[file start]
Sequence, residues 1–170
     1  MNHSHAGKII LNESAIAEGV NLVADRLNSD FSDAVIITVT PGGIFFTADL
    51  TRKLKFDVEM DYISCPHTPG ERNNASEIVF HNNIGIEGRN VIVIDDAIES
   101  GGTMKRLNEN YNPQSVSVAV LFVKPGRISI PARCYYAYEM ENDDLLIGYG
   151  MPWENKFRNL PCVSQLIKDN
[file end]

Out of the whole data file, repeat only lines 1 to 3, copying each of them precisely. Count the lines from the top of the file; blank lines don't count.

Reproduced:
Sequence, residues 1–170
     1  MNHSHAGKII LNESAIAEGV NLVADRLNSD FSDAVIITVT PGGIFFTADL
    51  TRKLKFDVEM DYISCPHTPG ERNNASEIVF HNNIGIEGRN VIVIDDAIES